Not that long ago, open source systems monitoring was all about Nagios, a
leading monitoring tool. The field has widened considerably in recent years
and today expands even further with the released of Zenoss Enterprise
The new Enterprise version of Zenoss isn’t intended to compete against its
open source peers but rather Zenoss execs see it as being competitive
against proprietary solutions, such as HP OpenView and IBM Tivoli.
“We do see Nagios out there in the community and it was a good proof point
for the desire of people to have an open source monitoring solution and it
inspired us,” Mark Hinkle, vice president of business and community development at
Zenoss, told internetnews.com. “Systems management is the next
category of open source that is ripe for adoption.”
Zenoss Enterprise is based on Zenoss Core 2, which was released in June. The
Enterprise edition adds commercial support options, as well as a few extra
features on top of the open source Zenoss Core.
With Zenoss Core, IT admins can do both network and application monitoring
with the need for installing agents on individual network assets. The
promise is that admins get to monitor the performance, configuration and
availability of their enterprises in a browser-based dashboard.
In the enterprise edition, Zenoss is adding something it calls end-user
experience monitoring which is intended to more accurately simulate end-user
application activity. Zenoss is also rolling in Zenpacks in the enterprise
edition, which provides frameworks for anyone to build templates and skins
that can be plugged into the Zenoss solution.
Enterprise users also get certified application monitors specifically geared
for Microsoft SQL and Exchange.
Hinkle noted that, though the Exchange and SQL app monitors are a feature
that Zenoss is offering to its enterprise users, open source core users
could potentially have the same functionally. The caveat is that core users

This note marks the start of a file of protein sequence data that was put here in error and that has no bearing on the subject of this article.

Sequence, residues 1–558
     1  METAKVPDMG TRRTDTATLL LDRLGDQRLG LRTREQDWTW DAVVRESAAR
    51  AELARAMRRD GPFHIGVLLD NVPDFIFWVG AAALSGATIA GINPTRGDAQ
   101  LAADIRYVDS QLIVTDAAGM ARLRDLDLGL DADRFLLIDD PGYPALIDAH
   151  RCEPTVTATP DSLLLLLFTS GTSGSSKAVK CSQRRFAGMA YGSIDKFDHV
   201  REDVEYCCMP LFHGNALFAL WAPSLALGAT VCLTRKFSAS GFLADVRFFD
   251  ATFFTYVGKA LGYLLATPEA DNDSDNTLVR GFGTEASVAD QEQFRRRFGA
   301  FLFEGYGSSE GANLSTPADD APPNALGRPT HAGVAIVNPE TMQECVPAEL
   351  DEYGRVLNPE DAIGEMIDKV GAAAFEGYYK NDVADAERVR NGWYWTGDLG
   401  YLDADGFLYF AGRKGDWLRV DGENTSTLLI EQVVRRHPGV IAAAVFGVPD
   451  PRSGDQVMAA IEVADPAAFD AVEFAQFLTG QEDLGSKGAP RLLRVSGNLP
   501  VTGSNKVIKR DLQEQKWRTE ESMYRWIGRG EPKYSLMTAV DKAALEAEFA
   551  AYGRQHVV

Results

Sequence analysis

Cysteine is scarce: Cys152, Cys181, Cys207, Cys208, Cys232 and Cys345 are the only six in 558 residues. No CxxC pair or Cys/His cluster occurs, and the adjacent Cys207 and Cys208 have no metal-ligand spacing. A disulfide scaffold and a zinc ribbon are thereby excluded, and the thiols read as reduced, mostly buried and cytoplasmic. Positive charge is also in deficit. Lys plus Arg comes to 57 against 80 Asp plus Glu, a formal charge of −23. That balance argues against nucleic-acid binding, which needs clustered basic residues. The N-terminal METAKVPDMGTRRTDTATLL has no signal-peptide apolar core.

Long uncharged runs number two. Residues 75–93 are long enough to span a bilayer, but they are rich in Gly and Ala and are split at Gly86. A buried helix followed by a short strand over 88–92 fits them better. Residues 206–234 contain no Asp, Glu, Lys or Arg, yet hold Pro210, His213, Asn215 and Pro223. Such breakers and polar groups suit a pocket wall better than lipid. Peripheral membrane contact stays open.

would have to go out and create their own plug-ins.
Zenoss currently runs on Linux and is part of both Novell’s partner program and the Red Hat Exchange partner program. In the coming week, though,
Zenoss will be rolling out Zenoss management appliances using rPath Linux
that will include the monitoring solution integrated with Linux in one box.
Though Zenoss may well be competing against the biggest vendors in the IT
industry, when it comes to monitoring, Hinkle sees few barriers to adoption.
“By the time they’ve contacted us they’ve already downloaded and used Zenoss,”
Hinkle said. “We’re just selling them on the value they add with supporting
Gone are the days when open source is viewed with suspicion, according to
Hinkle. Instead Zenoss is compared on merits rather than on the fact that it
is open source or proprietary.
It’s not just about competing, either. Zenoss also, in some instances,
complements existing proprietary tools.
“You see enterprises where at the department level they have a Zenoss
installation but they also have a big OpenView installation,” Hinke said.
“Because of cost of propriety solutions they are complementing Zenoss,
and because Zenoss is open they have the ability to integrate with
something they already have.”